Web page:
The Independent Electoral and Boundaries Commission (IEBC) has won a case in which NASA had challenged the printing of presidential ballot papers following a ruling by the court of appeal, overturning the High Court’s decision that had nullified the tender awarded to Al Ghurair.
The court of appeal ruled that the high court erred in granting orders on the grounds of public participation saying is not a requirement in direct procurement, which was applied by the electoral commission in awarding the contract to Al Ghurair.
High Court judges Joel Ngugi, George Odunga and John Mativo had ruled that IEBC had failed to engage the public in awarding the tender and directed the commission to start the tendering process afresh and come up with a framework for ensuring public participation.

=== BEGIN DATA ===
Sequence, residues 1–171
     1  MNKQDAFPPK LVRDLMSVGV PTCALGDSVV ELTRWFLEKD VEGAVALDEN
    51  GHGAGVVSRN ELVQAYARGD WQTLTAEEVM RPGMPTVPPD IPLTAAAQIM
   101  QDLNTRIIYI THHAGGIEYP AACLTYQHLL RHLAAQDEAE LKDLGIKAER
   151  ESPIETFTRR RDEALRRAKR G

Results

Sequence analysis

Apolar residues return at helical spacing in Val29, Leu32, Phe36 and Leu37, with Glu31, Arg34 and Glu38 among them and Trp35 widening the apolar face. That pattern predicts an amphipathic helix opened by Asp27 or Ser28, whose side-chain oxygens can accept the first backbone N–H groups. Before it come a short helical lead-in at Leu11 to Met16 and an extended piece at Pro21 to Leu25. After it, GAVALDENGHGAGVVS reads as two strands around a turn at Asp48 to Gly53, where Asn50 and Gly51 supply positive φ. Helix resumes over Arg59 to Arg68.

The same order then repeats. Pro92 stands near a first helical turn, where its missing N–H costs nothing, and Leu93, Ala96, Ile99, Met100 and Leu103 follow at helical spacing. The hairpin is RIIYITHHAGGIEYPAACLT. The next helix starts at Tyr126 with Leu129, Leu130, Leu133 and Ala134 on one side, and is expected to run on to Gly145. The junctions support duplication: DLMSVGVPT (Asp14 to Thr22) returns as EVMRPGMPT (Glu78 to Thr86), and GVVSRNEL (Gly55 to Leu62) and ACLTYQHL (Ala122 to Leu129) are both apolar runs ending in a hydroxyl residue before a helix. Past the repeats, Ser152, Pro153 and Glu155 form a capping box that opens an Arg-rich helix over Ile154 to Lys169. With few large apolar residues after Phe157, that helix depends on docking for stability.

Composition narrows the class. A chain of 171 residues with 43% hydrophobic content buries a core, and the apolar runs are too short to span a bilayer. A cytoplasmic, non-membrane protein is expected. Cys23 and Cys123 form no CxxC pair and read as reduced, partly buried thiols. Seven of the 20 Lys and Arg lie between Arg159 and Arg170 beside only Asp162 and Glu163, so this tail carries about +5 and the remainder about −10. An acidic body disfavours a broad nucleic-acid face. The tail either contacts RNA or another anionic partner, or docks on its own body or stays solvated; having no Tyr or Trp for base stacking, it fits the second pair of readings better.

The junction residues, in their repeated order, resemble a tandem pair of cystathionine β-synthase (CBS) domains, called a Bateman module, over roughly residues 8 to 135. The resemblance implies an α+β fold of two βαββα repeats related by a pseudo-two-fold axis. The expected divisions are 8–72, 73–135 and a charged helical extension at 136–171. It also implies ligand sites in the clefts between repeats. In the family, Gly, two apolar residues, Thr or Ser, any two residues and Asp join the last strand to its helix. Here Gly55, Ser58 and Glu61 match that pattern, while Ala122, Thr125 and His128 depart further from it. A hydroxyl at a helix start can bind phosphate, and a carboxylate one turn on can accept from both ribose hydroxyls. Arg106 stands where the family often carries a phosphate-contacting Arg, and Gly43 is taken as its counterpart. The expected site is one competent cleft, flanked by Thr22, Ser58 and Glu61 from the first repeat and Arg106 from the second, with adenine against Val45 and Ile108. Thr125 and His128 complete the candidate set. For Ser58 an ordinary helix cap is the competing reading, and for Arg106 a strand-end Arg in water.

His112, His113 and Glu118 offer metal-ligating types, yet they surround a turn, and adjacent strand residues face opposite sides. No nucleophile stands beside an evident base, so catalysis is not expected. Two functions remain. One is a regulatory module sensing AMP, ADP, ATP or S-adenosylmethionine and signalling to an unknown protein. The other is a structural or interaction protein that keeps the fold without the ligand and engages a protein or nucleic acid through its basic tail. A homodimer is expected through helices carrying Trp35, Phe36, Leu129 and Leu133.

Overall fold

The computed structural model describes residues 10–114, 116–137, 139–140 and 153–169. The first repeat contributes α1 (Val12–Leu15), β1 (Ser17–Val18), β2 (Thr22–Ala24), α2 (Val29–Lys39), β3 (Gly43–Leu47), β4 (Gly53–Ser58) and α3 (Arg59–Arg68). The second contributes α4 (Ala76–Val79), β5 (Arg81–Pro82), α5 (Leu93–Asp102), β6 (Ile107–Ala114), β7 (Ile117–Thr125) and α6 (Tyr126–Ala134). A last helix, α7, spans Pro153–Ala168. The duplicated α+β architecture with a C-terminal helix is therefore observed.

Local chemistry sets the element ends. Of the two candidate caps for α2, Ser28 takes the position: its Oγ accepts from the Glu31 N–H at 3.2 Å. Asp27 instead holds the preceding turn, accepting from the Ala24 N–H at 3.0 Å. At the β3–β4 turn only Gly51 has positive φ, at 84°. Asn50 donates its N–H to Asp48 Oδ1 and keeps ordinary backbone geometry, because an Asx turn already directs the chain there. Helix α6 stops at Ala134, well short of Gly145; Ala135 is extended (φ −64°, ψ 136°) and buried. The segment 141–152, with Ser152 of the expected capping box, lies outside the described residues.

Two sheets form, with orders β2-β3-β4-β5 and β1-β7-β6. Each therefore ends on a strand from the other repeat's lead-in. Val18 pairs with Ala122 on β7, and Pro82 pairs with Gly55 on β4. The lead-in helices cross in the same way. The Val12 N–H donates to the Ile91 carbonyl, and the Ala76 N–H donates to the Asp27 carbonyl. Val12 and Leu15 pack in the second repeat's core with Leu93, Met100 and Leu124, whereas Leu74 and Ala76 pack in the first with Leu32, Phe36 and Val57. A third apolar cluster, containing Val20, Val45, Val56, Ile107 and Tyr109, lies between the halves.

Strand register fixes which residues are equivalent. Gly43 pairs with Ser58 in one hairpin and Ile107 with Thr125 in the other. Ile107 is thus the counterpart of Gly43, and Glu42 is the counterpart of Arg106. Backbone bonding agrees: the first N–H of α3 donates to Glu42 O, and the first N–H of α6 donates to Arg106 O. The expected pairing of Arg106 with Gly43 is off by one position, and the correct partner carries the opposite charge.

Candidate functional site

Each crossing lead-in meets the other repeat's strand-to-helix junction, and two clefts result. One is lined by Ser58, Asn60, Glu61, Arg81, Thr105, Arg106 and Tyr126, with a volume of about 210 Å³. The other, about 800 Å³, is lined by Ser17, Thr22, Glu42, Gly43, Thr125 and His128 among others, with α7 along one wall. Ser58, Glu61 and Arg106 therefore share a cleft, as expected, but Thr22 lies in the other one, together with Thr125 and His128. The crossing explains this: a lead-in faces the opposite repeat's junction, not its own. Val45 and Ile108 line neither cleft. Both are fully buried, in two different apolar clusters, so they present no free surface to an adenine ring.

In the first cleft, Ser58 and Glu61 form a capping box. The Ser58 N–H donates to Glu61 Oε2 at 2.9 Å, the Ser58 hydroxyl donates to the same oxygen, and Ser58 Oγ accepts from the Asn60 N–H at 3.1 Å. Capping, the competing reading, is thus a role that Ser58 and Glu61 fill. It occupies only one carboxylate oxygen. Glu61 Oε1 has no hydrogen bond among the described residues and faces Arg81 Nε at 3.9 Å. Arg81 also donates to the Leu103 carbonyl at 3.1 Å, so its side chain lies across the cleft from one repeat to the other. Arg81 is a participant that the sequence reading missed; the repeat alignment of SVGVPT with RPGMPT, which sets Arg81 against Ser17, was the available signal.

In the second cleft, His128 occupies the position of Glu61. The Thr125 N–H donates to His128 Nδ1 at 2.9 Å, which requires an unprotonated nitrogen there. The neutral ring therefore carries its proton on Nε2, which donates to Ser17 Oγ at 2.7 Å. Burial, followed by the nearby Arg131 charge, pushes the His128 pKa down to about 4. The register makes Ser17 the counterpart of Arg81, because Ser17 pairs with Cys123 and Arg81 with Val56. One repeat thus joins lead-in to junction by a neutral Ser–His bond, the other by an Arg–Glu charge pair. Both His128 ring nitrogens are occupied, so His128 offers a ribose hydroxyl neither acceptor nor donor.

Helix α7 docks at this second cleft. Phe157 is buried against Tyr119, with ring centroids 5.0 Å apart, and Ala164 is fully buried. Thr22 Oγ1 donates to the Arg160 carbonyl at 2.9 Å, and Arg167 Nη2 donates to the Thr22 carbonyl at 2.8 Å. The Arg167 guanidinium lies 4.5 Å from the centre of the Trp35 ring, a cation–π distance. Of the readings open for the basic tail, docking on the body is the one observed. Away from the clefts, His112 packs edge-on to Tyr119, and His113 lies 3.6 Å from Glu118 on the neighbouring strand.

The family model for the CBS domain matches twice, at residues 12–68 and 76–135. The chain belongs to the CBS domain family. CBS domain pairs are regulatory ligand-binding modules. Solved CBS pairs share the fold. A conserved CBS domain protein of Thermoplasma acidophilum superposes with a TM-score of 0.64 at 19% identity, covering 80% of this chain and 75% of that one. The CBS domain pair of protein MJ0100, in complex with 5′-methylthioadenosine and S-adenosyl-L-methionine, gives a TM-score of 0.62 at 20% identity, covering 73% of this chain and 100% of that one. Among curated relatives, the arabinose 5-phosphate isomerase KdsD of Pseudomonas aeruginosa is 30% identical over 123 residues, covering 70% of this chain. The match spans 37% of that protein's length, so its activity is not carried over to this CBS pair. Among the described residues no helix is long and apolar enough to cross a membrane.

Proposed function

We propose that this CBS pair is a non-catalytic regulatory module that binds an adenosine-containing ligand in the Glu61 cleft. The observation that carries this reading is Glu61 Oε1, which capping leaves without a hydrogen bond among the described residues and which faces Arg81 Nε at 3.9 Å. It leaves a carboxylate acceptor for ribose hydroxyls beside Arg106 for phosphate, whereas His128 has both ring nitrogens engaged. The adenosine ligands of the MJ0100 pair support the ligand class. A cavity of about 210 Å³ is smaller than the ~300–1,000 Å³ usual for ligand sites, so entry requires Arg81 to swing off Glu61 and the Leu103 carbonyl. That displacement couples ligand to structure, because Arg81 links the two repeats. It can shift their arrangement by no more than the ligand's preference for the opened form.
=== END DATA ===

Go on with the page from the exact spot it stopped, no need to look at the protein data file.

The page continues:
The judges at the appellate court also agreed with the high court’s ruling that there was no sufficient evidence to show that indeed president Uhuru Kenyatta influenced the awarding of the tender to Al Ghurair, and that the newspaper cuttings presented by Nasa as evidence were not sufficient to prove that the President met directors of the firm.
“Such articles remain hearsay unless the author appears in court and is interrogated on the authenticity of the article,” they said.
The Dubai-based Al Ghurair Printing firm can now go ahead and print presidential ballot papers as agreed with the IEBC.